Can someone explain what's the difference between я хочу and мне хочется?

Can someone explain what's the difference between я хочу and мне хочется? Thanks in advance!

January 13, 2018


"мне хочется" is somewhat more subtle than "я хочу", similar to how "i would like" is less forthright than "i want" (but not exactly so: "я хотел бы" is a better translation of "i would like" and is even more subtle than "мне хочется"). It is most often used to describe dreams and wishes. Compare:

Я хочу уехать на море. (I want to go to the sea.)

Мне хочется уехать на море. (I would like to go to the sea./I have a desire of going to the sea.)

Just like in English, there are many ways to express desire in Russian ("я хочу"/"мне хочется"/"я хотел бы"/"мне хотелось бы"/"было бы хорошо, если" and many, many others) that differ in terms of "frankness", so to speak. And, just like in English, these can be (but shouldn't since each one of them has a distinctive, uhh, stylistic intonation? to it) used interchangeably in most situations, barring formal correspondence such as corporate e-mails and the like.

In this particular case, "я хочу" is best translated as "i want", whereas "мне хочется" can (kind of) be translated as "i have a desire to do smth/for smth"

From the grammar standpoint of view, the thing to keep in mind about "мне хочется" is that this phrase is in passive voice and normally doesn't have a subject. The thing you're wishing for IS NOT the subject of the sentence, as counter-intuitive as it may seem. For example,

Мне хочется сладкого/пива. (I would like to eat some sweets/drink some beer.)


Мне хочется сладкое/пиво.

Hope this helps.

January 13, 2018

Thanks for the thorough explanation! Have 2 lingots from me ;-)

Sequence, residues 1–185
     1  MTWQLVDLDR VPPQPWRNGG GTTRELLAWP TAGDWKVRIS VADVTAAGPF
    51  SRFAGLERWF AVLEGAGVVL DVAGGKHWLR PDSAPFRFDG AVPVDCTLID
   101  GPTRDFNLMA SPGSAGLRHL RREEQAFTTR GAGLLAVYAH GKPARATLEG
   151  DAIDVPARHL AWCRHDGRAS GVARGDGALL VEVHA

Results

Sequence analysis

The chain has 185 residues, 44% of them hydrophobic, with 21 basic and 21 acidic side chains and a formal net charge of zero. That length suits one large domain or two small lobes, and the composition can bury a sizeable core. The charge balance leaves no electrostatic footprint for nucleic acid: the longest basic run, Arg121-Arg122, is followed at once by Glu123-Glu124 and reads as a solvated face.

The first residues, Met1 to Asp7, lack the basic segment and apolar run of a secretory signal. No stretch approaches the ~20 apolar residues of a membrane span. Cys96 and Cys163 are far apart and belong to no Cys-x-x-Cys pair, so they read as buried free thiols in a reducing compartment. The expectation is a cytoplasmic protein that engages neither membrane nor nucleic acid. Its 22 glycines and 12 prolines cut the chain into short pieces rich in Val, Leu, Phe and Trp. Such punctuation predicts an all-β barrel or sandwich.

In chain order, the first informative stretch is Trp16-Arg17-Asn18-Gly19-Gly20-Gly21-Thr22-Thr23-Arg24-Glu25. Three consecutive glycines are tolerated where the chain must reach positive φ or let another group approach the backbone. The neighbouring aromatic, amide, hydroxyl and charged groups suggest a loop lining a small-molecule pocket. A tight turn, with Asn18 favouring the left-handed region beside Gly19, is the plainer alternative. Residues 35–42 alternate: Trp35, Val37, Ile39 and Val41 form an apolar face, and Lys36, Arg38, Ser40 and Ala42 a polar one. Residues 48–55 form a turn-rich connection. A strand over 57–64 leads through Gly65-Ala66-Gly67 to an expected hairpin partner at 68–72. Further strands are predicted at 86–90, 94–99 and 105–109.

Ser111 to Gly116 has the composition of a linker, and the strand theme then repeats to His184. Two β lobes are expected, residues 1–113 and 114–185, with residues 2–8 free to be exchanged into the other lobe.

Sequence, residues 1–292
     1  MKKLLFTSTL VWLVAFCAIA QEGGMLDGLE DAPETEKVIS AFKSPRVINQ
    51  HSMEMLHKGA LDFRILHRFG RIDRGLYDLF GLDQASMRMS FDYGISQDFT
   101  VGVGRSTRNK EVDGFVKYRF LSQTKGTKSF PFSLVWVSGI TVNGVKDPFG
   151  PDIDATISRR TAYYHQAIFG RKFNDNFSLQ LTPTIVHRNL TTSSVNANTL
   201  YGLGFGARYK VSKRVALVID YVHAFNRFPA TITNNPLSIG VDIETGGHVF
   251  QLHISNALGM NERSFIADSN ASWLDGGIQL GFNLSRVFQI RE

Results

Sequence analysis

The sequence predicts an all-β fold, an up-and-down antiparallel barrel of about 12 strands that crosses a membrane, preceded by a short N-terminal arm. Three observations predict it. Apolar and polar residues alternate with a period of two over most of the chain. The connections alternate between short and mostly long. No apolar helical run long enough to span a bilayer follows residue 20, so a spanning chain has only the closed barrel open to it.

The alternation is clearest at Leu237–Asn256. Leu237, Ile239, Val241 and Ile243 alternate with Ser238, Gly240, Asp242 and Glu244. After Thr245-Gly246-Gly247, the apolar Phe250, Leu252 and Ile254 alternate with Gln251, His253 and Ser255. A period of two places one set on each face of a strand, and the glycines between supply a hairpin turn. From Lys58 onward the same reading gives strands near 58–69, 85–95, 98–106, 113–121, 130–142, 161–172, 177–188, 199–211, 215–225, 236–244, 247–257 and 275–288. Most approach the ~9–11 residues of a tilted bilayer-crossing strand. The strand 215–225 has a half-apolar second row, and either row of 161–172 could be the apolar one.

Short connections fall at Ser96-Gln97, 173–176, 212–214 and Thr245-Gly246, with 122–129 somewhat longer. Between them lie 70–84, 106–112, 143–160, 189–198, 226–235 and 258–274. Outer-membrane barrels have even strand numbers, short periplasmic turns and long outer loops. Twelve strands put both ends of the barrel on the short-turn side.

January 13, 2018

'I feel like (doing/having something)' seems like the closest match for 'мне хочется' in English.

January 22, 2018

Not much. The difference in mostly in tone. "Я хочу" sounds more direct, "мне хочется" is more contemplative.

January 13, 2018

“Чего тебе хочется?”means “What do you want?” and nothing else. But “Чего ты хочешь?” sometime can sound like “Stop it! Shut up!”.

January 13, 2018

That's interesting...

January 13, 2018

I am Russian and I don't use "мне хочется" that much. I would say ""мне хочется" is more used when you speak about: - uncertain wish or a wish you can't even express "чего то хочется, но я не знаю чего", "хочется чего-то сладкого" - when you want something, but it's not likely that it gonna happen right now, just a wish or dream "хочется сейчас на пляж" (discussing at business lunch in the office) "хочется чтобы кто нибудь обнял"( sitting alone at home) etc - when you speak about feelings "хочется плакать" "хочется смеяться"

If you use "я хочу" in all cases described above, you'll be understood anyway

January 19, 2018
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